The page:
The Vanishing of Ethan Carter is a mystery adventure game with tinges of thriller here and there. The year is 1973. You play as Paul Prospero, a paranormal investigator who has been called upon to investigate a small town called Red Creek Valley in rural Pennsylvania through an enthusiastic fan letter from one of its denizens, Ethan Carter. Paul arrives at Red Creek Valley only to find that the town itself has been long abandoned following economic collapse of the area. Ethan Carter, the boy who summoned him there, is missing; as is the rest of his family following what appears to be a tragic arson incident. Paul investigates.
The Vanishing of Ethan Carter’s story is easily the main highlight of the game’s package and the focus of the events that play out. From beginning to end, the game drip feeds the player with small bits and pieces of information to slowly paint a picture of what actually happened to Red Creek Family and what the deal was with the secretive Carter family. It’s a story that’s told fairly linearly and left purposefully vague but eventually makes sense and comes to a conclusion.
And while the story itself is quite linear in how it’s presented, there are other facets to Red Creek Valley that are explored and give extra weight to the setting as a whole. Some stories are simple tales of folklore in the region while others are phantasmagorical interpretations of simple events in the news as if retold by an imaginative child. One things common throughout the storyline whether it’s the main one or the secondary ones – they’re all told rather excellently.
There is a twist to be discovered here or there, for sure, but it’s a bit unfortunate that many people who are used to either games or films similar to The Vanishing of Ethan Carter might be able to guess it given the tone and atmosphere of the game. If you don’t, it’ll be even more entertaining when the story reaches its climax. If you do, it’ll be hard to believe you’d not enjoyed the journey regardless.
The Vanishing of Ethan Carter released on PC some time ago, but has been retooled for the Playstation 4 using Unreal Engine 4. The result is something that is truly breathtaking. From the opening scene in the forest, most players will appreciate just how much effort and detail has gone into creating such a simplistic setting. Trees and grass blow in the wind gently, water’s current is visibly animated and sunlight gleams through the crowded forest to create realistic shadows. Make no mistakes, Ethan Carter is one of the better looking games on the Playstation 4.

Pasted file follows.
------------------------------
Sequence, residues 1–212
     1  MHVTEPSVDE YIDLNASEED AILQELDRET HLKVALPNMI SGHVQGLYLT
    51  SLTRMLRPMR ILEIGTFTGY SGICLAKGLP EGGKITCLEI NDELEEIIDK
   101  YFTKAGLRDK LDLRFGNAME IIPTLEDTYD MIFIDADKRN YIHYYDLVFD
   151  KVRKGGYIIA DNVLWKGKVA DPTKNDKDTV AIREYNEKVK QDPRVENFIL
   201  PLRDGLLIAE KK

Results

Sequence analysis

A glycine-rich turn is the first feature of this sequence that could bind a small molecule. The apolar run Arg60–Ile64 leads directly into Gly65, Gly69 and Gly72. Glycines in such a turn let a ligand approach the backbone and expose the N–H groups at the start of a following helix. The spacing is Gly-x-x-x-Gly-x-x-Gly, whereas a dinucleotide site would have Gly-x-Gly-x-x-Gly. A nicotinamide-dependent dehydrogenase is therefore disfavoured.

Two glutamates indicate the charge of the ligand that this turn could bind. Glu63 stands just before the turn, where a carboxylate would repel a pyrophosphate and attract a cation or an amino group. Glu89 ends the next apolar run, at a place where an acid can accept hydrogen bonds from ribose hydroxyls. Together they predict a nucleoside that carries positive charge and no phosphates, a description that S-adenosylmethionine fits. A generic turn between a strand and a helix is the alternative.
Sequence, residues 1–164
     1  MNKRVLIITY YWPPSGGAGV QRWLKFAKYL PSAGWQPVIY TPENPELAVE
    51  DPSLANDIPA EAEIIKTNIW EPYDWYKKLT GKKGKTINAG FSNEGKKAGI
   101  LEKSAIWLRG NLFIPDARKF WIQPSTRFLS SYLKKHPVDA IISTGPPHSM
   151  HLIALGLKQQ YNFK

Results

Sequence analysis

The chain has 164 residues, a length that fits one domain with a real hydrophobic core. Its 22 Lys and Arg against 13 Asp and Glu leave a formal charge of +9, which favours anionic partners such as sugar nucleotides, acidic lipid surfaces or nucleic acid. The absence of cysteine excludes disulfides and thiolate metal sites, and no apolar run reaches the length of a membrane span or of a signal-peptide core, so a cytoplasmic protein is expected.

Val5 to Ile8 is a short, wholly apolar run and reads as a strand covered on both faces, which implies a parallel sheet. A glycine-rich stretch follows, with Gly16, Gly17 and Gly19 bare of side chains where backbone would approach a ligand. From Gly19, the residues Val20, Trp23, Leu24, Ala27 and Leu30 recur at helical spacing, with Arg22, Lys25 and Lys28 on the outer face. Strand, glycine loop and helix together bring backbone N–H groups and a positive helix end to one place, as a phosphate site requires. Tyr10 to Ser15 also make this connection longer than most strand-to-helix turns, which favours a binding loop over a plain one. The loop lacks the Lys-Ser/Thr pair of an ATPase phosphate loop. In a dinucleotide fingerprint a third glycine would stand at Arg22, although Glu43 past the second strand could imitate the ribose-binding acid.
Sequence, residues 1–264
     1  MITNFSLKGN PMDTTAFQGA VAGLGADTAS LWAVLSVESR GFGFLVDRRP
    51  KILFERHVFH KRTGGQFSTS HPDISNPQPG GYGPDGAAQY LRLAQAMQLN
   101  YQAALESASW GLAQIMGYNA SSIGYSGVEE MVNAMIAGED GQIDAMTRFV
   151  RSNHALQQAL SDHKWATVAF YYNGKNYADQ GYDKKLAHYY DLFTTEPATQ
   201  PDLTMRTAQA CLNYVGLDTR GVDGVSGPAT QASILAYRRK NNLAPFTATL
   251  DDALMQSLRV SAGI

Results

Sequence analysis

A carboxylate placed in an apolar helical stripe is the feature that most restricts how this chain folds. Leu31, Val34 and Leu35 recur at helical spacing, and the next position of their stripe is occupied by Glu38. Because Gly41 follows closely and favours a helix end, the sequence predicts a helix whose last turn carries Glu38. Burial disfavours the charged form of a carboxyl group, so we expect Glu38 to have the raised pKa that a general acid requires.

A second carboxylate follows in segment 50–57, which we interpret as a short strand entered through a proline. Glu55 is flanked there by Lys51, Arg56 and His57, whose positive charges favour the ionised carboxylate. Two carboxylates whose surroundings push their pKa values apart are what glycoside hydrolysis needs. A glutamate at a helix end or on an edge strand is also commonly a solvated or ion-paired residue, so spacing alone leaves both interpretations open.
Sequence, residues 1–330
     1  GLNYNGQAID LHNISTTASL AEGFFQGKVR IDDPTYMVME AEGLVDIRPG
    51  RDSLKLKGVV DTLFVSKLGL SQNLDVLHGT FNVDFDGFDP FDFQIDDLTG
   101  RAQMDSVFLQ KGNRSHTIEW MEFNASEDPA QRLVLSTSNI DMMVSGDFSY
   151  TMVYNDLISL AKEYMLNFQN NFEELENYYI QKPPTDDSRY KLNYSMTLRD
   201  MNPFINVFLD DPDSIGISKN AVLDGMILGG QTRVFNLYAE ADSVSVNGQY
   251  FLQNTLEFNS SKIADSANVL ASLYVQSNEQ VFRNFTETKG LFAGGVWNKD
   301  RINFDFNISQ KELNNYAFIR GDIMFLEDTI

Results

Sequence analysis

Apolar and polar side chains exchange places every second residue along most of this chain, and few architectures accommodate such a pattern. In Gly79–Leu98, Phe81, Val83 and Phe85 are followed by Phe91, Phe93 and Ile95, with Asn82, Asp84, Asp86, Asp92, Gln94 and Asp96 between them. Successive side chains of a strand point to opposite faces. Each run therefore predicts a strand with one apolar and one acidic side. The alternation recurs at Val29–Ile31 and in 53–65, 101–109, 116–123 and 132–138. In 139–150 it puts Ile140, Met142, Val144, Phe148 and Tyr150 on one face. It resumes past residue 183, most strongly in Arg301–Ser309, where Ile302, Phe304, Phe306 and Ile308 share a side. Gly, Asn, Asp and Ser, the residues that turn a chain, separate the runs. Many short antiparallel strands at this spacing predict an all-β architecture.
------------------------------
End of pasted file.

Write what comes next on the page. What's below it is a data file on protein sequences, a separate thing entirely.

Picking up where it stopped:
The visuals really help to sell the game’s bizarrely eerie feeling of isolation. You’ll visit dense forests, open fields, dilapidated buildings and even some subterranean locales in your quest to discover the mystery surrounding Ethan Carter. Every location feels like it belongs, and every location has been designed and realised with a skill and finesse that makes Red Creek Valley feel like it’s a living and breathing location ripped straight out of the real world and seemingly abandoned. The developers have captured the tone and feel of the location perfect in Ethan Carter, and it cannot be stressed enough how well it sells the game’s tone and atmosphere.
The sound design has similarly been paid great care and attention to in order to sell an ambience like no other. When standing in the forest you’ll be able to hear the wind blowing through the trees. When you’re inside a house the noise will stop, and the occasional creaking of a floorboard will be heard instead. There’s even some points where the game will subtly play Gregorian style chants when in places of worship. It’s this attention to subtle detail that gives Ethan Carter a creepy almost foreboding atmosphere. While nothing actually happens in the game you’ll always be tense and on edge expecting something to.
There is some voice work in The Vanishing of Ethan Carter but most of it is either dialogue you come across in flashbacks or internal monologues from Paul himself. The voice work is passable but the script isn’t exactly demanding of its actors either. It’s merely there to help explain some of the things that the games many text files can’t. For an indie title of this calibre, The Vanishing of Ethan Carter does feel notably “big budget” in its work and visual presentation. It’s surreal and dreamlike, and an immaculately presented experience.